Pawnshop loans can be convenient, but they're costly — though not as costly as payday loans.
Here’s what you need to know about borrowing from a pawnshop — without spending too much money or losing property in the process.
How does pawning work?
To take out a pawnshop loan, you'll need collateral for the business to hold while your loan is outstanding.
Pawnshops might accept jewelry or coins; high-quality tools or firearms; musical instruments, vintage turntables or rare vinyl records; name-brand digital camera gear; or very recently released electronics, such as the latest smartphone models, laptops or tablets.
They rarely accept out-of-date technology, damaged items or toys. When in doubt, call ahead and ask if a shop will accept your item.
If you can't pay off your loan, a pawnshop will keep your item — and sell it.
The U.S. has close to 12,000 pawnshops, and if you're shopping around for one, you might check for membership in the National Pawnbrokers Association, or NPA. The trade group has adopted best practices and a code of ethics, to keep the industry professional and reputable.
What's the process at a pawnshop?
Pawnshop loans are small, averaging $150, according to the NPA. If you need a modest short-term loan and you don’t want a lender to perform a credit check, a pawnshop loan might work for you.
Here’s the process:
- You take a valuable item you own to a pawnshop.
- The staff will assess the item’s current condition and potential resale value to determine how much it's worth.
- The shop may offer you a loan of about 25% to 65% of the item’s resale value.
- If you accept the loan, you're given the cash and a pawn ticket. Hold onto the ticket — don't lose it. You'll need to present it to the shop to get your item back.
- You should return to the shop within the agreed-upon time frame, usually within 30 days or a few months, to pick up the item. You’ll pay off the loan, plus the interest and fees. Those charges can vary by state; some states have placed caps on pawnshop interest.
You might extend the loan — and pay more interest and fees. You also have the option to not repay the loan: The shop will keep your item, and the transaction is complete. The pawnshop won’t report you to the credit bureaus or put collectors on your tail, because it got to keep the collateral.
How high are the costs?
Here’s an example of how pawnshops charge interest and fees.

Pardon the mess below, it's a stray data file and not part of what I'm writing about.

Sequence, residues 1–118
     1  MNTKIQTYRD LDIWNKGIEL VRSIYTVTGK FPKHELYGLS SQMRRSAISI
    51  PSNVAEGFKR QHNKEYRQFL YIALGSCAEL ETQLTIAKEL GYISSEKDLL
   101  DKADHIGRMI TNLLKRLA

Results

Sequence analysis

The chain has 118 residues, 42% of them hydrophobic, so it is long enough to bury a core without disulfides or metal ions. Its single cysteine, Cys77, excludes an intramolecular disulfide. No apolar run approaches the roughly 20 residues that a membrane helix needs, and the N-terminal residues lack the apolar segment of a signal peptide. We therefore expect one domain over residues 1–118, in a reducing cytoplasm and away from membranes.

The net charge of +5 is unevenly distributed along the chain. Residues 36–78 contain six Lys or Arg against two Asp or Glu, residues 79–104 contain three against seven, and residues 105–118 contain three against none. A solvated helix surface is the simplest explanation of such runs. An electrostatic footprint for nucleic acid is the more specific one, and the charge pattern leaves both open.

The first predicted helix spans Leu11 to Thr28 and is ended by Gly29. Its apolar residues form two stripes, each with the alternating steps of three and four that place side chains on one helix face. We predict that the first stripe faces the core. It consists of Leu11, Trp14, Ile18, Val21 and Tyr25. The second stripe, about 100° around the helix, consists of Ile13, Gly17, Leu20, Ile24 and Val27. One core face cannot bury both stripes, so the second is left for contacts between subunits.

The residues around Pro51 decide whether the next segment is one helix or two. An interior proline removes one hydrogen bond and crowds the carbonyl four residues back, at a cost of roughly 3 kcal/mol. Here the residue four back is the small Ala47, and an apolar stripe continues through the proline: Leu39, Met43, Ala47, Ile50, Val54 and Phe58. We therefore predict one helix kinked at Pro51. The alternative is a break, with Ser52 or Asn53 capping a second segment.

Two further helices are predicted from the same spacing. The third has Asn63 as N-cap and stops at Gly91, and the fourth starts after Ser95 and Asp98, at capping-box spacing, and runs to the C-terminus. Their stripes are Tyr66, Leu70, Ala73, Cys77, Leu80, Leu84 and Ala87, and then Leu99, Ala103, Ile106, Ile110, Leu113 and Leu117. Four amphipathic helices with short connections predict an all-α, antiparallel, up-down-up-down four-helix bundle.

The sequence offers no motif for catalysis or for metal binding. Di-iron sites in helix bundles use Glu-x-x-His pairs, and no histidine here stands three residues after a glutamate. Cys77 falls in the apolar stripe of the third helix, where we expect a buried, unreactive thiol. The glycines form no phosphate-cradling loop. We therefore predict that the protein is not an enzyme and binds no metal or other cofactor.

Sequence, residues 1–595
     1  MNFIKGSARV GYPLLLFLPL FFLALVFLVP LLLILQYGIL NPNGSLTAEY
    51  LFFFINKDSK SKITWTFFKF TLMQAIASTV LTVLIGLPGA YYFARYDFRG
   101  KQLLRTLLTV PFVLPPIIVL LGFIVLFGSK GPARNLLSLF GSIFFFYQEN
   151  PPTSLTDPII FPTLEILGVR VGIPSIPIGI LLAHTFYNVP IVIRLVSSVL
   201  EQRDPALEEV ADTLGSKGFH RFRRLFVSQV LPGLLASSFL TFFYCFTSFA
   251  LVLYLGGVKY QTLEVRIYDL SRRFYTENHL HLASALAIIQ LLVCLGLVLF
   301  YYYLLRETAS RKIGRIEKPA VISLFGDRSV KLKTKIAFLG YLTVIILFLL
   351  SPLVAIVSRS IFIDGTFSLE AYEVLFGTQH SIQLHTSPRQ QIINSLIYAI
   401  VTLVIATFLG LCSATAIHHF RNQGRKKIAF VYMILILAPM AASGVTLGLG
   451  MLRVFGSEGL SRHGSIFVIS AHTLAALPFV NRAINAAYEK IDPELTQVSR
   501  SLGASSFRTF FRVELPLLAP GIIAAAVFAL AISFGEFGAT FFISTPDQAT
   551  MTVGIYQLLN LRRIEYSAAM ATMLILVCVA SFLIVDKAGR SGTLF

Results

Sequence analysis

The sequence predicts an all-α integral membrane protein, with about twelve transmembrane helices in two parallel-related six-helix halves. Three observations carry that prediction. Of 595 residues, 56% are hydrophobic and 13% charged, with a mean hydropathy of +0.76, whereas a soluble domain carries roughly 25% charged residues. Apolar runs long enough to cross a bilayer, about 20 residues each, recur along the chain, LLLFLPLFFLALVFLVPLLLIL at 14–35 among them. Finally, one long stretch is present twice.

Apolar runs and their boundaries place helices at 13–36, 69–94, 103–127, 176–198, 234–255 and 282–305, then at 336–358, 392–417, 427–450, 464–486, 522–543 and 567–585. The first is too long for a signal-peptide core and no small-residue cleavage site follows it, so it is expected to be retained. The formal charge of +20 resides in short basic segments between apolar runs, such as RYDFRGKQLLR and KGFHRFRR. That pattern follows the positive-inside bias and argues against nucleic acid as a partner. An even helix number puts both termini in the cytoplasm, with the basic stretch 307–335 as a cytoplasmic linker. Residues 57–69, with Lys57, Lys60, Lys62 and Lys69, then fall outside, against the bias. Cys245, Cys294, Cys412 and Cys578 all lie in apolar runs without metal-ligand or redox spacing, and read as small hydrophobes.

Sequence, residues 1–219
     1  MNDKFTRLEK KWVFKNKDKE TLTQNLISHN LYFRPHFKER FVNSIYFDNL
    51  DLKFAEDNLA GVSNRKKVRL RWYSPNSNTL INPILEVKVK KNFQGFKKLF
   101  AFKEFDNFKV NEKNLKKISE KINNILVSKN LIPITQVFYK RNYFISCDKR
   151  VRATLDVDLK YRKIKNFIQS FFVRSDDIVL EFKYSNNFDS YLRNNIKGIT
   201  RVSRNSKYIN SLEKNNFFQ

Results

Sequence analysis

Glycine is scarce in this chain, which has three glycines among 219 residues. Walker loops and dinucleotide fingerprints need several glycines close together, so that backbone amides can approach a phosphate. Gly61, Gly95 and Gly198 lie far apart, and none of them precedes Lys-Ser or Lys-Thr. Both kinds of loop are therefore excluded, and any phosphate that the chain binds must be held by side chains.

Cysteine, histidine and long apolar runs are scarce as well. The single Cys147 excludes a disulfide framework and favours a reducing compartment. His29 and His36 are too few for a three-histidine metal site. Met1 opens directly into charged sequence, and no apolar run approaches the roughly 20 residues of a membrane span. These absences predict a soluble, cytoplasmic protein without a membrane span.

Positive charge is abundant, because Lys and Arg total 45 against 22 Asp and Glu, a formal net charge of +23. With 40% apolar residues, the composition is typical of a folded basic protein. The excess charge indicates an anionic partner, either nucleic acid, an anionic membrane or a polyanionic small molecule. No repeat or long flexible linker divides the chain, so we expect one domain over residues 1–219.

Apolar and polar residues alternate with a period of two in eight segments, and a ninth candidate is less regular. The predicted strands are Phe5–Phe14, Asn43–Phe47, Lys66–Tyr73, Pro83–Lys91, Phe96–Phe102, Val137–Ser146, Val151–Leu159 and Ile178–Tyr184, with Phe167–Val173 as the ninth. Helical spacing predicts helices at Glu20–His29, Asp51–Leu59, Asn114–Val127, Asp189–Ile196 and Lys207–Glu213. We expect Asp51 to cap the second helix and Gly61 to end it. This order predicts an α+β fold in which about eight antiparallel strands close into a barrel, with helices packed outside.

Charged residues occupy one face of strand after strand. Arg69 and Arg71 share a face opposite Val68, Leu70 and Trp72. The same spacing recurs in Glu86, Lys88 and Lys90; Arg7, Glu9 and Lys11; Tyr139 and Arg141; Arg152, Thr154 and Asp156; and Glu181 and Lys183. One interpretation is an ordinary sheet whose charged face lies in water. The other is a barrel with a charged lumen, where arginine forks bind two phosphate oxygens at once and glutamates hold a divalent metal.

Say you decide to pawn a smartphone. After assessing its value, the pawnshop may offer you a loan for $100 at 2% interest ($2), plus a 20% fee ($20). When you return to repay your loan, you will owe $122.
If you need to extend the loan, the $122 will become the new principal, and the shop will charge the same interest and fee as before.
The interest plus fees charged by pawnshops can be equivalent to paying interest rates of 240% or more, according to the legal website Nolo.com.
That's steep, though not as high as the effective 400% interest typically charged by payday lenders.
But you're likely to find better options than a pawnshop loan, even if you have bad credit. For example, if you have a low or even no credit score, you might qualify for a personal loan, generally at interest in a range of about 6% to 36%.
Pawnshop loan pros and cons
- A pawnshop won’t report you to the credit bureaus, so the loans won't affect your credit reports or credit scores.
- You can just walk away from the loan.
- Pawnshops offer small loans, which are convenient if you need quick cash — but they won’t cover big expenses, like a major medical bill.
- High interest — much higher than on a personal loan.
- You’ll need to give something you own as collateral, and you may end up losing it if you can’t repay the debt.
Alternatives to visiting a pawnshop
When you need cash in a hurry, consider pursuing these cheaper alternatives to pawnshop loans:
- Ask for a payroll advance or cash advance from your employer.
- Ask for a grace period for a bill.
- Open a 0% balance transfer credit card.
- Consider a personal loan, even if you have credit issues.
- Sell a valuable item through regular channels, such as eBay or, for a vehicle, a used-car dealer.
- Ask for help from family and friends.
A pawnshop loan might be helpful when you're in a financial jam, but you have other options that can cost much less — if they cost anything at all.